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To the rescue Taking on a rescue dog is a wonderful thing to do, but there are things you need to know first, says Wendy Kruger
PUPPY POWER Everything you need to know about choosing a puppy, by Stamford senior veterinary nurse Jessica Fawcett Introducing a puppy into your family is a very exciting time but there are many things to consider before entering into this long-term commitment. You also need to consider which breed of dog would best suit your lifestyle. For example, working breeds such as labradors and spaniels will need plenty of exercise and long haired breeds will need daily grooming. Have you considered a rescue dog/puppy? There are many wonderful dogs in our local rescue centres looking for a second chance and a loving home (see panel, right). We are very fortunate in this area to have three well established rescue centres and I have always known them to be very helpful when it comes to ﬁnding you the right four-legged friend. There is also the ﬁnancial impact. Unfortunately we don’t have an NHS for our four-legged friends so we would advise taking out insurance cover. Policies tend to range from £20-£40 per month depending on the policy. Once you have taken all of the above into account and are happy with the responsibility it involves and have researched your chosen breed, you are now ready to ﬁnd your puppy. When visiting a breeder I would always advise you to make sure you see mum and her pups together and ensure the environment in which they are kept is clean and warm (never buy a puppy if you have any doubts about the breeder or situation). A good breeder should want to know as much about you as you about them. Check both parents do not suffer from any health problems and ask if they have been screened for any diseases (tests such as BVA hip/ elbow scoring for dysplasia or DNA testing).
When it comes to choosing your puppy, try and look for a happy, interactive one. Spend plenty of time with the litter and don’t feel rushed. Look out for signs of medical problems such as a dull, scurfy coat, runny eyes or nose, weakness (difﬁculty standing) or any coughing or sneezing. Check the puppy’s age; ideally puppies should be eight weeks old or more when they leave their mother. New laws state that all puppies should be microchipped by the time they are eight weeks old and that the details registered to the microchip are up to date and correct. Your breeder should advise you on how to update these details. If any vaccinations have been given, they should be recorded in a vaccination certiﬁcate and signed by a vet. The breeder will let you know if your puppy needs any further vaccines and when they will be due. Ask if the litter has been treated for worms and other parasites, such as ﬂeas. Find out what product was used and when it was given as your vets will need this information. Stamford Veterinary Centre’s team of vets, nurses and receptionists is committed to ensuring your puppy has the best start in life and can guide you through the ﬁrst few important months of their life, as well as being on hand to answer any questions you may have. It has a qualiﬁed dog trainer at the practice and runs monthly Puppy Parties to ensure your puppy is able to socialise in a controlled environment. More details can be found at www.stamfordvets.co.uk or by calling 01780 763180.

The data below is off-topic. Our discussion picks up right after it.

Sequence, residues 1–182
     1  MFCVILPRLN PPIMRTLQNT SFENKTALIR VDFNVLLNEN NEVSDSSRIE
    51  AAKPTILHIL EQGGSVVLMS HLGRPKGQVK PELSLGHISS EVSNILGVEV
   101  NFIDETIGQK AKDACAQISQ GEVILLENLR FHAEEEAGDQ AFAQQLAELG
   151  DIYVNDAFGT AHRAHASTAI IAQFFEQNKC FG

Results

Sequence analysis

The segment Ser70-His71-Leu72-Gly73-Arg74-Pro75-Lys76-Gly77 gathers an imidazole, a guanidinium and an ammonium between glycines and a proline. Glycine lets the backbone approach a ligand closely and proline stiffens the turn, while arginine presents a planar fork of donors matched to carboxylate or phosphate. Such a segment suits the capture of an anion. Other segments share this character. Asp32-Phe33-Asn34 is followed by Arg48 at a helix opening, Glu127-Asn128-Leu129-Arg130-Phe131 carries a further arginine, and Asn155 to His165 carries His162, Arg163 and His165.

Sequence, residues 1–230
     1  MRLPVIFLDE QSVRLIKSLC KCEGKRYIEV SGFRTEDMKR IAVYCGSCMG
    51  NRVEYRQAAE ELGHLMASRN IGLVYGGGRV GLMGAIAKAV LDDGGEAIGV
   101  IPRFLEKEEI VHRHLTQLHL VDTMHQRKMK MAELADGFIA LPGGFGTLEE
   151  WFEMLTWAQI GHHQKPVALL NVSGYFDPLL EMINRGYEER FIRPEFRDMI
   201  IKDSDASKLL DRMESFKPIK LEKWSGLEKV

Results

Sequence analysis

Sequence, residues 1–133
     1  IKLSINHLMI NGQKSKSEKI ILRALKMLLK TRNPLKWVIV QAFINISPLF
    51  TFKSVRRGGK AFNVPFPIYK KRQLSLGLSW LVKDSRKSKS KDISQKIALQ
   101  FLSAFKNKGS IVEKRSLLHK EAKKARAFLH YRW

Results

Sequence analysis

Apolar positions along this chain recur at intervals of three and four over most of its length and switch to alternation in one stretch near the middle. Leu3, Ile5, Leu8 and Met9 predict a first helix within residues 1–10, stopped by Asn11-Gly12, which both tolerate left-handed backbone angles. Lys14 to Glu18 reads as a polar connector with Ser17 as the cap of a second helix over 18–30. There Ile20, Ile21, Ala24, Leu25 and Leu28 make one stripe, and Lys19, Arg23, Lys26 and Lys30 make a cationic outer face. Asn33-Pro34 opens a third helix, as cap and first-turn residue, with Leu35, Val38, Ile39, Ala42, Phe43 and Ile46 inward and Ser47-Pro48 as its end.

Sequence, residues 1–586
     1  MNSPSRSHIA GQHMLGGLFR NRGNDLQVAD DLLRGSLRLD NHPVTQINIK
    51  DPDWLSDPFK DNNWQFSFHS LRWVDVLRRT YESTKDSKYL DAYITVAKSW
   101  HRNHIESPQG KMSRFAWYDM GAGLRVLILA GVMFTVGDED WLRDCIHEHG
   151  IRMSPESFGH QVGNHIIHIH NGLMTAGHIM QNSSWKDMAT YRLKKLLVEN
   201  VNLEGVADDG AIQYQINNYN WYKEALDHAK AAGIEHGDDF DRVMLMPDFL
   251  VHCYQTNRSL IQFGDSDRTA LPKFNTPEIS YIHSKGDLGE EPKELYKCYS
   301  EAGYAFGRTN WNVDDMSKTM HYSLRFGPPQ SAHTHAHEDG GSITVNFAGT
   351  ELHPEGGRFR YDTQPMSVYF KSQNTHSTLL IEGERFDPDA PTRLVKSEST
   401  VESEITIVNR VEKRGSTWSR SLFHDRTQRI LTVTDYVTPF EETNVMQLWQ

Dogs find themselves in rescue centres for many reasons; often it is due to a change in the previous owners’ circumstances. Many rescue dogs were much loved and wanted by their owners, but fundamentally, at the time the owner relinquished the dog, they were unable to meet its needs. Dogs need appropriate exercise, mental stimulation, social company, things to chew, and a safe place for rest and relaxation. When their basic needs are adequately met, dogs are happier and are less likely to have behavioural issues. Each dog’s needs are different. Age and breed have the biggest influence; however, personality and previous experience also affects their needs. It is really important to take time to consider what the individual dog’s needs are and whether your lifestyle is conducive to meeting those needs. The secret to having a great relationship with your dog is finding one that enjoys some of the same activities that you like. For example, if you like jogging then a dog with stamina that will enjoy running with you would be ideal. If you enjoy short walks and relaxing on the sofa, then a greyhound or one of the companion breeds could be the perfect match. There are many things to consider – the time you have available and your daily routine is the best place to start. In rescue, there are dogs of all ages. An adult dog can be a joyful addition to any family, and often so much easier to live with than a youngster. Someone will have done the hard part and you can enjoy the more settled phase of his or her life. You will still need to continue with training because like us, dogs continue learning throughout their lives. It is never too late to learn a new trick or skill. If you re-home from a rescue centre you should be able to visit the dog, spend some time with it and not feel under pressure to adopt. The rescue centre should give you information about its personality and, where possible, information from its last owner, its medical records and what its needs are. All good re-homing centres give post homing support and advice. Compiled by dog behavioural and training specialist Wendy Kruger on behalf of Wood Green, The Animals Charity. To find out more about rehoming a rescue dog, visit www.woodgreen.org.uk.